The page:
At the 1949 AGM, Mr. A.B. Harrison, father of Cliff Harrison was elected as an Honorary Life Member in recognition of his loyal and unobtrusive service to the club since its formation. The Presidency of D.H. Brown, which started in 1931, came to an end and Arthur Ogden was appointed in his place. It was decided that the term of office for President should in future be limited to two years. At the 1950 AGM, Fred Barr was also and rather belatedly elected as an Honorary Life Member in recognition of his long and valuable service to the club. Unfortunately he died a year or so later in 1951.
We commenced our second season at Old Warwick Road with high hopes of improved performances. There were lots of comings and goings on the playing roster: Mike Harbage had gone to India towards the end of the previous season, and Pat Noble, Mac McDarmaid and Peter O'Shea also moved away from the area. But there were plenty of new replacements joining us with Peter Jones becoming the regular scrum-half and Brian Seaton sharing the full-back duties with Fred Thacker. Seaton later moved on to Rugby and played for Warwickshire. Norman Harrison became a regular in the pack.
1st XV 1949-50 Dr Euan Campbell, G. Booth, John Moreton, John Bennett, John Treneman, Norman Harrison, Jim Wilkinson, Freddie Thacker, Cliff Harrison - Fred Martin, Cecil Bryer, Pip Moore, Bob Hordern, Bill Reading, Peter Jones, Denis Johnson, Gerald Horne.
The opening fixture against Sutton Coldfield was cancelled due to a hard ground and so the season opened with a mid-week game against Lockheed, which was drawn 6-6. A few minutes into the game our skipper Stan Griffiths broke his fibula and was unable to play again until after Christmas. His vice-captain Peter Winters took over from him, but did not have a good time as we won only 3 of the 15 games played up until the New Year, two of which were victories over Old Leamingtonians. Griffiths returned from injury in January and there were significant changes in the side, among them a career change for Fred Thacker who moved into the forwards. Gerald Horne, a recruit from Old Warwickians, David Jennings, Pat Drew and Donald Angus were significant additions to the back line and John Richardson secured a place in the back-row. Like Peter Jones, he was an old boy of Bloxham School near Banbury. Together they influenced a number of their fellow students to follow them to the club when they left the school. As a result, Cliff Carr, Bill Carr, Roger Philpott, Dennis Brooke, Mike Parkin, Tony Grimes, John Barker, Chris Vaughan, Ralph Lawton, Dave Inglesent and Peter Wartnaby were among those that joined and became regular players over the next decade.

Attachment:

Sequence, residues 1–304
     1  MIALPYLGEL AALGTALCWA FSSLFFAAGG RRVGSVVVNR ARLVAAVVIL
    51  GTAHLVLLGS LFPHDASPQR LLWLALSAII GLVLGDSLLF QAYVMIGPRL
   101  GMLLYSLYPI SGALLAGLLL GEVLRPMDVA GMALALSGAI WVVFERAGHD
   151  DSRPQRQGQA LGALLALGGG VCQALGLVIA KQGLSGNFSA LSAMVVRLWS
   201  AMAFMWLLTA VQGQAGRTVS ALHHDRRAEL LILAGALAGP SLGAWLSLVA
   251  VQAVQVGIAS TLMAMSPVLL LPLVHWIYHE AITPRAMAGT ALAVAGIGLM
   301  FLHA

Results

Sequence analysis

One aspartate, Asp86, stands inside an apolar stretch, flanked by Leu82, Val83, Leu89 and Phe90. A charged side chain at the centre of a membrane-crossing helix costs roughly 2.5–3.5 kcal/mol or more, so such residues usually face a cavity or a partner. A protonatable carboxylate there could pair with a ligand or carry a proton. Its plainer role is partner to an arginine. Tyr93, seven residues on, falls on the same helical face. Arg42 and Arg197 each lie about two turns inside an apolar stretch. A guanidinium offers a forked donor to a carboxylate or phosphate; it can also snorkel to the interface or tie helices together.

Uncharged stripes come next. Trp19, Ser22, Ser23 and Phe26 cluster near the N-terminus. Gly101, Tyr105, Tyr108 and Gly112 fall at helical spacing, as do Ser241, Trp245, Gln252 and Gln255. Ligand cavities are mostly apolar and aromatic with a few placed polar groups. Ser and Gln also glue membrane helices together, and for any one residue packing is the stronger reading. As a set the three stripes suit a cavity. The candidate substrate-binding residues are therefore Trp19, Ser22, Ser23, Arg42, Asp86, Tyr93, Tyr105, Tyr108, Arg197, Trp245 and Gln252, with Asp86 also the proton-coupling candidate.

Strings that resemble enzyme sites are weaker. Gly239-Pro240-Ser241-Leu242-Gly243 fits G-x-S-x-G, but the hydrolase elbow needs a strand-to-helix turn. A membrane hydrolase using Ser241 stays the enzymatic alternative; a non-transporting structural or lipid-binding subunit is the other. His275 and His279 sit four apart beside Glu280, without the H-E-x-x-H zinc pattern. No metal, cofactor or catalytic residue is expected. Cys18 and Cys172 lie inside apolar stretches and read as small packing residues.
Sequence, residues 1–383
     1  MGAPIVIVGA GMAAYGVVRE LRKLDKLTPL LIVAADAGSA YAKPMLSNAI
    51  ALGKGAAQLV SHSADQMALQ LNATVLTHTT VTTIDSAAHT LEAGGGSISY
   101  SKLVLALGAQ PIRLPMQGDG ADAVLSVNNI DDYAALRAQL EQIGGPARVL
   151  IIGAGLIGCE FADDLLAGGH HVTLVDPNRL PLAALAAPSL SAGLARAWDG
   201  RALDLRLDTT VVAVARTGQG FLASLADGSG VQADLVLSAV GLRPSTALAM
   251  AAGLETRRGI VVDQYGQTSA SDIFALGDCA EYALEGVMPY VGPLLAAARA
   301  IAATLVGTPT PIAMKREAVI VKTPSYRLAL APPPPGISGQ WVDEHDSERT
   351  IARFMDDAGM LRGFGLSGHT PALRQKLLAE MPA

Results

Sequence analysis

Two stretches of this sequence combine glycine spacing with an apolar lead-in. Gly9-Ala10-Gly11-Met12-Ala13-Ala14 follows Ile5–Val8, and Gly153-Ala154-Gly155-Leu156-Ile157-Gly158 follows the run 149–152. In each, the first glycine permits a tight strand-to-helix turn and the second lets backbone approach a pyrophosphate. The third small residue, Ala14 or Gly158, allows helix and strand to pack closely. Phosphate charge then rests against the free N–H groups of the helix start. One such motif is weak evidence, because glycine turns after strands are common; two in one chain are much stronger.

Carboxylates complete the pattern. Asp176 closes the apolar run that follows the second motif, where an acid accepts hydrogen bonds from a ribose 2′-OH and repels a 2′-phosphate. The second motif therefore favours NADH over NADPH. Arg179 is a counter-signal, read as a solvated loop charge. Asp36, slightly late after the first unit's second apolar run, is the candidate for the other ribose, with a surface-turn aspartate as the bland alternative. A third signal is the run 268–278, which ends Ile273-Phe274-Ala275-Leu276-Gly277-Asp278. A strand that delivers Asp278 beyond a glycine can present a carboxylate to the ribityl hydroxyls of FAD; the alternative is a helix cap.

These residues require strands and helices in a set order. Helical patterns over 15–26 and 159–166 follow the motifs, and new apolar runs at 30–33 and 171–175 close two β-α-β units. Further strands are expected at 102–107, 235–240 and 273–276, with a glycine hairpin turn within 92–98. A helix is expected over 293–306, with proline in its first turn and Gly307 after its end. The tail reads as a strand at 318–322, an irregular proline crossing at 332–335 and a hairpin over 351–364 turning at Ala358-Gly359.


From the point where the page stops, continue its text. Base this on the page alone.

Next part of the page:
Things finally picked up towards the end of the season and we finished with a run of 3 wins, and a draw against Coventry Extras, but overall with 10 wins and 17 defeats it was not a good year. As in the previous season, points were hard to come by and we only achieved double figures twice, with 14 points our highest score and 147 our grand total, which would have been good if we were playing snooker. Apart from an unusually high injury list there were problems with players crying-off without giving good notice or reason and star players coming in and out of the side at the cost of teamwork and morale. When added together these factors resulted in too many changes for the side to be successful.
An arrangement was made with Arnold Lodge School for us to use their gymnasium for mid-week training during the dark nights of winter. This lasted for nearly 10 years. Bob Butler who was the P.E. master at the school kindly took charge of the training. He was the son of H.J. Butler who was a founder member and our Leamington Courier reporter for many years. Among those who worked with Bob was Randolph Turpin, future world middleweight boxing champion, who was often at our training sessions and practised his body punching on our players to toughen them up! In the photograph on the left he is seen squaring up to Peter Jones. The second XV were captained by Pip Moore and they were badly affected by the constant changes to the first team and their record dipped accordingly. They won only 7 of their 29 games. Dennis Johnson topped their try scorers with 7 touchdowns. The third XV were due to play about a dozen games but only managed only 3, all of which were lost. Of note is that our application form (in line with RFU guidance) required that new players declare that no subscription was owing to any other club and that they had not played Rugby League since their 18th birthday.